It’s impossible to deny the brilliant pen of New Radicals front man Gregg Alexander. His group, which released sole album Maybe You’ve Been Brainwashed Too in Oct. 1998, became an unlikely TRL staple with its rage-against-the-establishment single “You Get What You Give.” At the height of the band’s popularity, a disillusioned Alexander dissolved the band before it could put out a second single — ditching the spotlight in favor of behind-the-scenes writing for artists like Ronan Keating, Carly Hennessy, and Girls Aloud, even penning Santana and Michelle Branch’s 2002 hit “The Game of Love” and earning an Oscar nomination for 2015’s Begin Again soundtrack. But his songwriting shone from the start. On New Radicals’ debut and finale, “Mother We Just Can’t Get Enough” kicks off the festivities with one of the set’s tightest songs, a bongo-festooned epic that lasts for nearly six minutes and plays like an impossibly joyous celebration of live pop instrumentation. It’s a testament to a moment in time where Alexander sounded uninhibited and carefree about the rocky road he would soon travel. — S.J.H.
4. JAY-Z feat. Beanie Sigel, The LOX & Sauce Money, “Reservoir Dogs” (Vol. 2… Hard Knock Life)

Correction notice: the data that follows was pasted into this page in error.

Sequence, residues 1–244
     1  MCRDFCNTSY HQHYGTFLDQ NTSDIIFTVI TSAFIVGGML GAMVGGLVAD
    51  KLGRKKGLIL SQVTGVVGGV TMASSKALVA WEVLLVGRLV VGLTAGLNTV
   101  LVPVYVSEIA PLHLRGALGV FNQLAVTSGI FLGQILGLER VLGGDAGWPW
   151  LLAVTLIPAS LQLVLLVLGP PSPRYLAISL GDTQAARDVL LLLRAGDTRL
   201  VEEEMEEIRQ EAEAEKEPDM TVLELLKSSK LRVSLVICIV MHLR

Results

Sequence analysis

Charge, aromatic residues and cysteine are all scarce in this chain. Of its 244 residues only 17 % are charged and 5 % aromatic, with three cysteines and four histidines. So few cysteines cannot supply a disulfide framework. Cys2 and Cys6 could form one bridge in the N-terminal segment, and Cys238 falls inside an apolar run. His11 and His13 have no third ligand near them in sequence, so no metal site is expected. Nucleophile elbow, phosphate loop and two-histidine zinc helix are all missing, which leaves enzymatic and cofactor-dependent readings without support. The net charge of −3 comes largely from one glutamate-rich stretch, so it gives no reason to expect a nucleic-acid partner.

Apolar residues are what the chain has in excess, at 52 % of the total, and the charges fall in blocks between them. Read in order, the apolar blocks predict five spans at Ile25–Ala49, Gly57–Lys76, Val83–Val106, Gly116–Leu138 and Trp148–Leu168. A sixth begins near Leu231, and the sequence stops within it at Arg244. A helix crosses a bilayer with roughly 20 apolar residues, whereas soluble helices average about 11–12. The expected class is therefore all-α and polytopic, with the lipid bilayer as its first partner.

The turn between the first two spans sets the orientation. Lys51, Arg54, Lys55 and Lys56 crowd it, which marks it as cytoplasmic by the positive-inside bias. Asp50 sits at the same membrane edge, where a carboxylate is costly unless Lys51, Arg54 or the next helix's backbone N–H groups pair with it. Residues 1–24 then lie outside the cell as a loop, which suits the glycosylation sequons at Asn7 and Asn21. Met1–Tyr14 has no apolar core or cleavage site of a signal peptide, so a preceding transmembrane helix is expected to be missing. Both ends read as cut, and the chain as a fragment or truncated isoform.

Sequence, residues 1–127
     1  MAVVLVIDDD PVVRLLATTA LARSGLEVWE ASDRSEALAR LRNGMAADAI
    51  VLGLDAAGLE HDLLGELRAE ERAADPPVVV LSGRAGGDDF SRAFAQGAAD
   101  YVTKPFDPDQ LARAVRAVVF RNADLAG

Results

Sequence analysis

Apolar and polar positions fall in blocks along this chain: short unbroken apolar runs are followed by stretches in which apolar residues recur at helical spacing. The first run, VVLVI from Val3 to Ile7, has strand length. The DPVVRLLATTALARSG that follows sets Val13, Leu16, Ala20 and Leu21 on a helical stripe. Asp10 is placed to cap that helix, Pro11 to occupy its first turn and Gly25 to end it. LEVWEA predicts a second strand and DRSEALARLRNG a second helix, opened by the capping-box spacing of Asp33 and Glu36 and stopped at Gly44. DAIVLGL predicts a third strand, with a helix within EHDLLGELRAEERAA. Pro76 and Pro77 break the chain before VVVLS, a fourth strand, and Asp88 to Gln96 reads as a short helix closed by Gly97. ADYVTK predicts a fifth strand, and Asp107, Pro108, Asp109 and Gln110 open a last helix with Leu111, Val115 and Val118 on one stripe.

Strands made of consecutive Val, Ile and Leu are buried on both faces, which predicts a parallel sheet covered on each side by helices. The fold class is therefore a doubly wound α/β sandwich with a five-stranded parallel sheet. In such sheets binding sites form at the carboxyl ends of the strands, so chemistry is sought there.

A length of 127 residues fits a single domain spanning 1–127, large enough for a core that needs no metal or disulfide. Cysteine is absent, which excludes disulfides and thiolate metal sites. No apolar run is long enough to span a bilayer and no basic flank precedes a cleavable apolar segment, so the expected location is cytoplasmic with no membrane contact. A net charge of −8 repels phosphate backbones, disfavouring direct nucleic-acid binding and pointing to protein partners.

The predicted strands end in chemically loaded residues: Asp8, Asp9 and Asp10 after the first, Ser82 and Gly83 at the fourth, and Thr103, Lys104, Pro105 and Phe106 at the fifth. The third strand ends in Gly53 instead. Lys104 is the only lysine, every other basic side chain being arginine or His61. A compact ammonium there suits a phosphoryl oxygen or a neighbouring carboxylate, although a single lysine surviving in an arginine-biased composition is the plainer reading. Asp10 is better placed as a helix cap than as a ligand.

“Reservoir Dogs” off JAY-Z’s Vol.2…Hard Knock Life marks a marquee late-90’s meeting of the minds, with turns from the Brooklyn MC in his breakout moment, Yonkers trio The LOX hot off their Platinum-selling debut Money, Power & Respect, freshly minted Roc-A-Fella signee Beanie Sigel, and frequent Hov collaborator Sauce Money. The tension of the “Theme From Shaft” riff sample only adds to the cinematic, street-wise delivery from the motley crew befitting the song’s namesake, while rising heavyweights like Styles P and Jadakiss give shades of Mr. Pink looking for their due respect. With an ensuing beef between the Roc and Ruff Ryders that took over a decade to squash, “Reservoir Dogs” stands as a truly once-in-a-lifetime all-star collaboration that seems unbelievable in hindsight. — B.K.